Citigroup recently did list an opening for an actual ESG controller. This role seems more senior than the two mentioned above, and one that addresses a wide range of ESG issues rather than only climate change. Duties include:

  • Responsible for oversight and reporting of ESG related disclosures wherever they are disclosed (10-K report, ESG report, etc.).
  • Subject matter expert on ESG disclosures, keeping current on evolving disclosure trends in the industry and advising and evaluating.
  • Work with Global Public Affairs to create and implement a well-controlled process to collect and report on ESG type disclosures.

To answer a few questions right away: I picked these three examples at random simply because they were the first I found. Some others include a vice president of sustainability at Virgin Galactic; vice president of sustainability at Facebook; and a director of ESG reporting at Mastercard. You can find others through internet searches of your own.

Second, I have no idea whether any of these jobs are still open. I’m just using them to tease out common job requirements.

‘Sustainability’ vs. ‘ESG Controller’

One important question here is where these ESG controller jobs are “born.” That is, are they emerging from corporate ESG programs that suddenly decide they want enough assurance to satisfy external reporting obligations? Or are they arising from external reporting functions suddenly deciding that they should sweep the company’s ESG program into their purview? 

That might sound like hair-splitting, but whichever part of the company is sponsoring an ESG controller job will have more influence over the job description and which candidate gets the job. So this question matters. 

These days the pendulum seems to be swinging away from ESG programs, toward external reporting — largely because regulators are paying more attention to the ESG disclosures that public companies make. The plain truth is that a high-quality sustainability program is nice to have, but rock-solid external reporting is something corporations need to have. It will be easier for the external reporting functions to pick up ESG than it will be for ESG program managers to pick up external reporting, because the risks of getting external reporting wrong are far higher.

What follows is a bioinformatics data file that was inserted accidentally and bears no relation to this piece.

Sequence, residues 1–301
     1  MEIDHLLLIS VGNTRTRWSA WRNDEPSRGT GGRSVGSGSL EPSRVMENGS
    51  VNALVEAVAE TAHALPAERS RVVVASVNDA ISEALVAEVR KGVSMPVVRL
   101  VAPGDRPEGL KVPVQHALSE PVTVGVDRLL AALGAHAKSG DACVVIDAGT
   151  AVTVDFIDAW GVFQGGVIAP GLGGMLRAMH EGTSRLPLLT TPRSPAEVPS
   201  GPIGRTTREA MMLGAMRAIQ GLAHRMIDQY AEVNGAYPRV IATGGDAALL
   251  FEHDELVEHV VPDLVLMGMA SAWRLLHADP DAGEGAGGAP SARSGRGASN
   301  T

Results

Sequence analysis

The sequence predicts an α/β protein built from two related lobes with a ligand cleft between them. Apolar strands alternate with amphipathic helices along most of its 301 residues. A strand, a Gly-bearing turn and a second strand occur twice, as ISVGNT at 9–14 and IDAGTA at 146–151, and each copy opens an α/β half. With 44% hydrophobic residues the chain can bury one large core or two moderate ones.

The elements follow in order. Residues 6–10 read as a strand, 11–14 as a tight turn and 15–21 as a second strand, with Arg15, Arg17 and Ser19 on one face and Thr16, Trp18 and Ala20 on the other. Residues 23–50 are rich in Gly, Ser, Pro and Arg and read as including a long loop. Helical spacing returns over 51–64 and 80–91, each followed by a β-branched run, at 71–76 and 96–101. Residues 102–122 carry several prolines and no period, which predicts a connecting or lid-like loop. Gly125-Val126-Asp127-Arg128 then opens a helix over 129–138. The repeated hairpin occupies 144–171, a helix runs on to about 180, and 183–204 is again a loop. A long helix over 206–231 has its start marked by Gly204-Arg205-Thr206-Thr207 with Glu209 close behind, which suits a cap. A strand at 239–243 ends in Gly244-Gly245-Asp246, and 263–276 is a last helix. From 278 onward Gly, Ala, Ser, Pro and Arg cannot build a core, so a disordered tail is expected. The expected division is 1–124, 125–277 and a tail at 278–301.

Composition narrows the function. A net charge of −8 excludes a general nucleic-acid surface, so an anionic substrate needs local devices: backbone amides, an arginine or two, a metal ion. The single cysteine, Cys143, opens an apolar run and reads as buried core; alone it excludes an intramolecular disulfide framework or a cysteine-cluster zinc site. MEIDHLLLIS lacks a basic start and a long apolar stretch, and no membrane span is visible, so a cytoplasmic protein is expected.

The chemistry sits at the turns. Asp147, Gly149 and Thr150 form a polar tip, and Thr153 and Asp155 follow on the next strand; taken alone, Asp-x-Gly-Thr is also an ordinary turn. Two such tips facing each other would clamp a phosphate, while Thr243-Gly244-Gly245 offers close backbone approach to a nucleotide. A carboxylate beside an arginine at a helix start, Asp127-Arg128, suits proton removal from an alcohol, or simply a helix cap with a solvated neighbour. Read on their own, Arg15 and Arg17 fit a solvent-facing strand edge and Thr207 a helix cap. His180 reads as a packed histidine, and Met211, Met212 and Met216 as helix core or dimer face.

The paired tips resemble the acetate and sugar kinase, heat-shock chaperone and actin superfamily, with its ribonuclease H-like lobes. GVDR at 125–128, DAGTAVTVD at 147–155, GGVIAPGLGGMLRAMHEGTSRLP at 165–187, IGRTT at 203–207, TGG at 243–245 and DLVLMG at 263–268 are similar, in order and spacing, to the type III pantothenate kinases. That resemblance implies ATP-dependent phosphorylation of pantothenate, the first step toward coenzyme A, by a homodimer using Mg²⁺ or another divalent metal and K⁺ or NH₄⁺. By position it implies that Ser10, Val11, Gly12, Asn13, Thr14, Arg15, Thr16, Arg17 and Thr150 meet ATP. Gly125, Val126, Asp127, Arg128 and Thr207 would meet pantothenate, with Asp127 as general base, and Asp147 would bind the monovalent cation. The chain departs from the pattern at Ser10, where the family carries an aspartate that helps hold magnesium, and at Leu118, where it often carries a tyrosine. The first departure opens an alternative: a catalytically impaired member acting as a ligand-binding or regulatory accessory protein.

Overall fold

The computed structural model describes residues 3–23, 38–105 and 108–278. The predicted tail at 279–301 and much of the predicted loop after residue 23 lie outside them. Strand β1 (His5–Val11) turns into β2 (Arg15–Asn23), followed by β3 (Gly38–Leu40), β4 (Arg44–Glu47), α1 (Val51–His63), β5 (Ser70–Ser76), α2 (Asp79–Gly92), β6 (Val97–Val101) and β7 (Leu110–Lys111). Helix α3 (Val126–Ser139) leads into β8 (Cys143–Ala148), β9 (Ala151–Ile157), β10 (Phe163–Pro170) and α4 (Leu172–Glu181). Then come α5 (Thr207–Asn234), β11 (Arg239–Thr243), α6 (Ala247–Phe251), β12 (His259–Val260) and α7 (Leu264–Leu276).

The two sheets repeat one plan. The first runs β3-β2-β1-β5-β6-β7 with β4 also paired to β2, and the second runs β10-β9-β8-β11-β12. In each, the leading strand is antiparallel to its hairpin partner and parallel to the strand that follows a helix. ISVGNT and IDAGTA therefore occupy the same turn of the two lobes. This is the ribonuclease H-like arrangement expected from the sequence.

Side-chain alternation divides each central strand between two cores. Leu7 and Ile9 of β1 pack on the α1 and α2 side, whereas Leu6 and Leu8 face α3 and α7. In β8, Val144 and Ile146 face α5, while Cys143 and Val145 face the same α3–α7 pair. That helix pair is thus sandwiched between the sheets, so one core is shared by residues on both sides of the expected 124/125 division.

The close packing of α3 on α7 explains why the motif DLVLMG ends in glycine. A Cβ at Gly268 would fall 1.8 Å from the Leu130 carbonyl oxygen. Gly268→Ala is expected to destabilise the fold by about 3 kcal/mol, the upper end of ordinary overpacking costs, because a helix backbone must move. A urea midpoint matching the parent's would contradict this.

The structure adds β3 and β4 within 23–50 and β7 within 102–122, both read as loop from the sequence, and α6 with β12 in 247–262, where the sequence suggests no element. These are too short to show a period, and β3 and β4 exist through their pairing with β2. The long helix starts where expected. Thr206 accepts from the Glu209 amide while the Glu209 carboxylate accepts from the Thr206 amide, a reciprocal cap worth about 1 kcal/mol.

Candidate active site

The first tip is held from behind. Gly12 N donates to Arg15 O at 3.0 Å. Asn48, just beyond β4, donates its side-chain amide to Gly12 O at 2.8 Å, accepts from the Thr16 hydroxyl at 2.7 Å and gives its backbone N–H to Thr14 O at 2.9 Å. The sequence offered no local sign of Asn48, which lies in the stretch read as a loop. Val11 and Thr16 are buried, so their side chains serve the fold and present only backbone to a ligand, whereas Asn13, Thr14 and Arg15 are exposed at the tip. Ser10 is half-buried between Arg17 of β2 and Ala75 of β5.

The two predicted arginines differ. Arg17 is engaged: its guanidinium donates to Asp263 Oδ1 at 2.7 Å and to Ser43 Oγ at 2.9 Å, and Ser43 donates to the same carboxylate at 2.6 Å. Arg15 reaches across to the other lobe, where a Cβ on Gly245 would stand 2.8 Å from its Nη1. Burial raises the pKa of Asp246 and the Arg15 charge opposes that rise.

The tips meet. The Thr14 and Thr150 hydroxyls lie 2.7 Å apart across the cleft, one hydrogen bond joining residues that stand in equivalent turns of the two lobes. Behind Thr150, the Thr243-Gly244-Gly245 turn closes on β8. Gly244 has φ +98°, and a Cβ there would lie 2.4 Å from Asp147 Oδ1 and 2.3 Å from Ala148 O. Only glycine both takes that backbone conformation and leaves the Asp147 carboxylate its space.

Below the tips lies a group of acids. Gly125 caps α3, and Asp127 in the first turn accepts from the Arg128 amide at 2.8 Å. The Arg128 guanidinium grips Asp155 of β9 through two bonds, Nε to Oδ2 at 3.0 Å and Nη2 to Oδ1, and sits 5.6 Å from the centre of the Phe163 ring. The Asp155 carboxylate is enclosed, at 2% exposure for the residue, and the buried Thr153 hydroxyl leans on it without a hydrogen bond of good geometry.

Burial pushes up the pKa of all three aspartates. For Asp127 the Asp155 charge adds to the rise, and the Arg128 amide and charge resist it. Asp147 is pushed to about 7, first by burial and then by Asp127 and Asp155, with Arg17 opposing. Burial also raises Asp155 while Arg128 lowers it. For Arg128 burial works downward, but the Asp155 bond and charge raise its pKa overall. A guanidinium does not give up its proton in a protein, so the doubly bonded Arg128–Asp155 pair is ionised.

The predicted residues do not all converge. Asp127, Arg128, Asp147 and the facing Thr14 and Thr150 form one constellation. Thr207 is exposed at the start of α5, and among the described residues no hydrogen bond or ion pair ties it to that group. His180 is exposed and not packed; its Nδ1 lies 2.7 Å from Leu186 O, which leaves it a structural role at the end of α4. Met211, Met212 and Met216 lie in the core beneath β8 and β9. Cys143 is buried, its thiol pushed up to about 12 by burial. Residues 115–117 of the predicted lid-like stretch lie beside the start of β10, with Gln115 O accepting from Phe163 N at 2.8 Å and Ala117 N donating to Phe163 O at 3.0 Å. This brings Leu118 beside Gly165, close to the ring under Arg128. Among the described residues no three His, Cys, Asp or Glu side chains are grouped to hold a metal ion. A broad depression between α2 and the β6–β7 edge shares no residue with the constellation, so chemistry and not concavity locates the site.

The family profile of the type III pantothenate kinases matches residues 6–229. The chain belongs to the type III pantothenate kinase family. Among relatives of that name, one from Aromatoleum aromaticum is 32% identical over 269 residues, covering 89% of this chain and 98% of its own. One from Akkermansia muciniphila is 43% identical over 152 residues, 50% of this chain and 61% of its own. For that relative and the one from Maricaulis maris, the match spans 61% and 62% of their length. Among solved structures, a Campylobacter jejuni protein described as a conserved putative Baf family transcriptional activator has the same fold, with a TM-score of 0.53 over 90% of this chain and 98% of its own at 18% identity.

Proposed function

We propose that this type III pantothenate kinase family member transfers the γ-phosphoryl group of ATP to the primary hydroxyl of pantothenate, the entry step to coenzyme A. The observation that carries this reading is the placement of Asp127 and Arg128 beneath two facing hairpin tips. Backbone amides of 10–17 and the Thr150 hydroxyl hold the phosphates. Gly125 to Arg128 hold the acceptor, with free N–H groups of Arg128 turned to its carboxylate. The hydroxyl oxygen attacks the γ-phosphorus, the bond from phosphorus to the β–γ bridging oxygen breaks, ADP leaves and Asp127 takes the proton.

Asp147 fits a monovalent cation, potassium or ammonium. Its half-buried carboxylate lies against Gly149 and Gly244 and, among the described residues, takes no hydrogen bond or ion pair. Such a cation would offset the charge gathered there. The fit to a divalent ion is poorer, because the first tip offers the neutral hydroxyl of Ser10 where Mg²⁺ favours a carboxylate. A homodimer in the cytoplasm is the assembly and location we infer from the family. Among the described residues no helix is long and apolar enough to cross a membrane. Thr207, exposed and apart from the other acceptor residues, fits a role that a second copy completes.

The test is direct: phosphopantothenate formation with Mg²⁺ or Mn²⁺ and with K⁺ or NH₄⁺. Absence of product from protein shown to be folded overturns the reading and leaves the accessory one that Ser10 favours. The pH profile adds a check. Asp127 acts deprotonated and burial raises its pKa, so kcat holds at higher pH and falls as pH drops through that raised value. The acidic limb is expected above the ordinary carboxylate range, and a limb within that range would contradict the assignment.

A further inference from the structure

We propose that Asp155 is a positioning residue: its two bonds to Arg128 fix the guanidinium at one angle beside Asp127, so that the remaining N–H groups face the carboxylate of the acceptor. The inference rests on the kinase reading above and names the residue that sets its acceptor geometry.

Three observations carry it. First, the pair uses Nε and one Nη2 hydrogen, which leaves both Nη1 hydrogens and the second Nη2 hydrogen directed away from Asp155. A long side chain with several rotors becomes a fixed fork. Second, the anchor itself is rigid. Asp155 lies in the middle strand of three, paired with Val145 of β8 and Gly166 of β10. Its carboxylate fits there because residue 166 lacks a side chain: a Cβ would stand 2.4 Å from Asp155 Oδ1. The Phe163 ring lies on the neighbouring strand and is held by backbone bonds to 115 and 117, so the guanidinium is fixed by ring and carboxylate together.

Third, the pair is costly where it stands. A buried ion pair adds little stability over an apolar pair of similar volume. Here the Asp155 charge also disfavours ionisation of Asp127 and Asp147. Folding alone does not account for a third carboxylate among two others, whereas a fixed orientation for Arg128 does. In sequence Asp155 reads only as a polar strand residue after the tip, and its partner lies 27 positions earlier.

So could we see ESG program managers boxed out of future job opportunities because they aren’t masters of external reporting? Yes. 

On the other hand, we also have external reporting types who won’t be good fits for these ESG controller roles either, because they don’t know how to collaborate with other parts of the business or how to think imaginatively to design processes that capture ESG data. 

For example, one bullet point I see repeatedly on ESG controller jobs is that the ideal candidate will be a subject matter expert on ESG disclosure requirements and related frameworks. How many of those people do you have on your SEC reporting team? Not many, I’m guessing. Heck, it’s still the wild west out there for professional certifications and associations for ESG controllers.

To be clear, I do know numerous compliance and audit executives who have done amazing work building ESG programs, including programs designed to withstand the SEC-level scrutiny that’s destined to come. But we still have a long way to go as the ESG controller job evolves into a standardized, recognized professional role within corporate reporting.

I’ll be fascinated to see how that happens.